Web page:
MIAMI (CBSMIAMI) – It happens to everyone. As we age, the internal lenses of our eyes have a hard time focusing.
“As we get into our mid-40s, everyone whether you had good vision or not when you were young, has that stiffening of the lens that causes vision problems,” explained Dr. Ralph Chu, an ophthalmologist.
The condition is called presbyopia. Its when people like me can see things far away just fine. But when it comes time to read a text message, we can’t do it without reading glasses, said CBS4’s Eliott Rodriguez.
Valerie Martel who lives outside Minneapolis shares my pain.
“I had a whole bunch of those (reading glasses). I had one by the computer at work. I had one at home. I like gourmet cooking, so I had one in the kitchen. I must of had 10 or 15 pairs of those,” said Martel.
But now Valerie has the Raindrop Near Vision Inlay. It’s a tiny implantable contact lens being tested by the FDA.
“If something like this, a corneal inlay, can be approved by the FDA, this will be bigger than lasik in the ophthalmology community,” said Chu.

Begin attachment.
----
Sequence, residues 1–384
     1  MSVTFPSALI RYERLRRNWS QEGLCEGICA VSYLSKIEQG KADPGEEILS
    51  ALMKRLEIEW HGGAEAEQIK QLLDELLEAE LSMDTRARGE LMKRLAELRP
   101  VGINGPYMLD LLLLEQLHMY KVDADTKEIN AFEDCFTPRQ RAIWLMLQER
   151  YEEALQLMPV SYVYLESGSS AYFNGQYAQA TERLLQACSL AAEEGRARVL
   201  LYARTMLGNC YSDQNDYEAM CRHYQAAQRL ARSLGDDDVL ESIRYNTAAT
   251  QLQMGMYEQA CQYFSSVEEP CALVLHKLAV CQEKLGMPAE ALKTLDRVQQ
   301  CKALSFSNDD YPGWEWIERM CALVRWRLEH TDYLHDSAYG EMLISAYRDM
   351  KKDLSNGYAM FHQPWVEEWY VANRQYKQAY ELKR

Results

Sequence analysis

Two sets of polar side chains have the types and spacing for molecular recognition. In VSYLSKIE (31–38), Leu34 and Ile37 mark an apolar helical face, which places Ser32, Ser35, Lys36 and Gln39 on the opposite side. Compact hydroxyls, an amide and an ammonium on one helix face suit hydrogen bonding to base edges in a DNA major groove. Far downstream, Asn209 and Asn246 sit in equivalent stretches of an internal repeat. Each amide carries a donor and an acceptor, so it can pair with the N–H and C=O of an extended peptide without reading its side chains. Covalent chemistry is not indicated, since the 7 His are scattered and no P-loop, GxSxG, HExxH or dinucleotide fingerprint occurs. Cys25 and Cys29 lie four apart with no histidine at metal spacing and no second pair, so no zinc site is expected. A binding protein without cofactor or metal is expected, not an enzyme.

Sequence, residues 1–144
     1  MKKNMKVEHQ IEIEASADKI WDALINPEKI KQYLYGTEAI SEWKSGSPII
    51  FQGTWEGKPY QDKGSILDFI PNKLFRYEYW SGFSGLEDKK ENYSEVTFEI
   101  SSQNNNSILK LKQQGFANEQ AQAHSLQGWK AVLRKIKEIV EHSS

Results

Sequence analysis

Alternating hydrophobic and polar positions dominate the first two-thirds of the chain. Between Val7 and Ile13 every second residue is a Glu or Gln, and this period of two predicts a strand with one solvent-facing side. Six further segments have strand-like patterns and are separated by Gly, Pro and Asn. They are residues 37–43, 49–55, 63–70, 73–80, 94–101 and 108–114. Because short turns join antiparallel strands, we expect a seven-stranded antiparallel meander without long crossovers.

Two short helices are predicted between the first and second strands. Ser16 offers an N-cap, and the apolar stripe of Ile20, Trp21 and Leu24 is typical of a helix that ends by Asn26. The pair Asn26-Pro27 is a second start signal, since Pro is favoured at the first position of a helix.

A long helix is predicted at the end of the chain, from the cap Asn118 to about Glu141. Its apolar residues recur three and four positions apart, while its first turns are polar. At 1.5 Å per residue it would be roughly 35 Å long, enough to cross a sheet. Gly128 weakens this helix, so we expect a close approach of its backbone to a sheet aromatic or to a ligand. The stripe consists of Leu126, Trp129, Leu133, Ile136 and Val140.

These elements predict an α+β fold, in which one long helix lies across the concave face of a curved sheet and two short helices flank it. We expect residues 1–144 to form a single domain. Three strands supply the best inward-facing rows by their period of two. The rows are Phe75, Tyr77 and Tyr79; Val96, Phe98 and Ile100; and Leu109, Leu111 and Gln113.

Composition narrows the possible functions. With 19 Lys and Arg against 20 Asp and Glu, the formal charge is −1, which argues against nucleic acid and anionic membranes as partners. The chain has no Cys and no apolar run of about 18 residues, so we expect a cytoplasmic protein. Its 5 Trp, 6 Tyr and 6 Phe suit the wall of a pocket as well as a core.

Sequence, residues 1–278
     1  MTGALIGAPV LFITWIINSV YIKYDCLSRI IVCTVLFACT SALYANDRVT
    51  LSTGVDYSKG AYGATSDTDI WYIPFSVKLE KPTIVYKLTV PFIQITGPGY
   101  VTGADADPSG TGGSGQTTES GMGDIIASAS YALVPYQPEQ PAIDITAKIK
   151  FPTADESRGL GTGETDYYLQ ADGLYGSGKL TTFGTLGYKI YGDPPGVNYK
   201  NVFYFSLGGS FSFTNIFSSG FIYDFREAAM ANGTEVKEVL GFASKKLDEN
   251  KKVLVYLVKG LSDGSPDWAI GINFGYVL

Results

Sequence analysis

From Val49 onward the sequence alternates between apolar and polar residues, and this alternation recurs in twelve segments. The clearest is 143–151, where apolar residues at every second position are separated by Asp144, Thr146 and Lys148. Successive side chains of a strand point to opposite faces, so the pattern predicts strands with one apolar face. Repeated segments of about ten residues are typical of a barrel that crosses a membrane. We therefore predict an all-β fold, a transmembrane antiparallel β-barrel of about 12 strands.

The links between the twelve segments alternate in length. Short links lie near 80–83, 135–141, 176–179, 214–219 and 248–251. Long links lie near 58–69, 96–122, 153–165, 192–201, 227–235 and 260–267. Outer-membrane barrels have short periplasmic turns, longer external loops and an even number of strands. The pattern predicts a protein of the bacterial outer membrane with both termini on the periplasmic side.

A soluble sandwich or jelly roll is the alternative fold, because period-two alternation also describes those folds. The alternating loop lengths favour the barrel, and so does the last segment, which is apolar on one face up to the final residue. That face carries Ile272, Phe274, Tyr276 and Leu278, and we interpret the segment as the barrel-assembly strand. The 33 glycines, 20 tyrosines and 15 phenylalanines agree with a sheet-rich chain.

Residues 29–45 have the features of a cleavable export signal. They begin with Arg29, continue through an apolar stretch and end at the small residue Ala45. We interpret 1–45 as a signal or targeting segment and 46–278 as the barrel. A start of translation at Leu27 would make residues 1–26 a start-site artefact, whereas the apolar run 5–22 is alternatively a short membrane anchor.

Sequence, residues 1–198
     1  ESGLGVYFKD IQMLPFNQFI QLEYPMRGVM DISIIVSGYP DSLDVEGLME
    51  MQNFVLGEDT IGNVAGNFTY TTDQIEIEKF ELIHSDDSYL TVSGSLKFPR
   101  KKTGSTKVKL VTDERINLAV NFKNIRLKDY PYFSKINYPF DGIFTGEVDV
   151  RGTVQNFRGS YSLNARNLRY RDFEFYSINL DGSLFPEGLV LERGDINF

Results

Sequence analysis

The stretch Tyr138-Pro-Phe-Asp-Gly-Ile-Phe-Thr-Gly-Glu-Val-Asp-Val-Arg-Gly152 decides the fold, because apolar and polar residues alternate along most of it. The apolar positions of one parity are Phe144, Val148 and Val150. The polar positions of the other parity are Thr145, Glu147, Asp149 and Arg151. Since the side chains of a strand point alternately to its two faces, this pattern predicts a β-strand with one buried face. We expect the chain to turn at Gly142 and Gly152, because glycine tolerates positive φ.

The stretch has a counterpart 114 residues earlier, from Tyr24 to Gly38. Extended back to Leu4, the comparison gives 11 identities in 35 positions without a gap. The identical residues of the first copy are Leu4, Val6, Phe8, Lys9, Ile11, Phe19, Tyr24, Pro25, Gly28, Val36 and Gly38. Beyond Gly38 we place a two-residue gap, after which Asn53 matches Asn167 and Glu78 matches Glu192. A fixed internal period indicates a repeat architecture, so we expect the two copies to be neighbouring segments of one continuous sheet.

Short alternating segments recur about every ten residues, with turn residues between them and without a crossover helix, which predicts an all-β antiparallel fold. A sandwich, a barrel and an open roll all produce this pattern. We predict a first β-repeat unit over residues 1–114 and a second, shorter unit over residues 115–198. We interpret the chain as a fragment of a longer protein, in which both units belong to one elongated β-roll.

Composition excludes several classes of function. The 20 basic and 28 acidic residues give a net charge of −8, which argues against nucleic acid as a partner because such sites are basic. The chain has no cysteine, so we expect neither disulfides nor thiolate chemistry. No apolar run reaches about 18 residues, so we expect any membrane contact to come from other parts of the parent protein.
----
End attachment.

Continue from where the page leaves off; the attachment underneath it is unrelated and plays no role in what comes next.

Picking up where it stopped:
Like lasik, the surgery requires creating an opening in the cornea. A tiny contact lens, just 2 milimeters in diameter is then placed inside. The procedure takes about 10 minutes. But there are some risks.
“The cornea has to be split open. A little lens has to be put in. Our concerns are will they move or migrate, will they affect the corneal health,” explained Dr. Neal Sher an ophthalmologist.
Its been five years since the first clinical trials on the Raindrop, and so far the results are good.
“We are very optimistic, you never know when it comes to the government, but the results are excellent,” said Chu.
Valerie is happy there’s no more searching for her cheaters.
“Yeah, I’m free! I can read!” exclaimed Martel.
Some European countries have already approved the Raindrop Near Vision Inlay. Clinical trials continue in the United States, and doctors are hoping for FDA approval in about two years.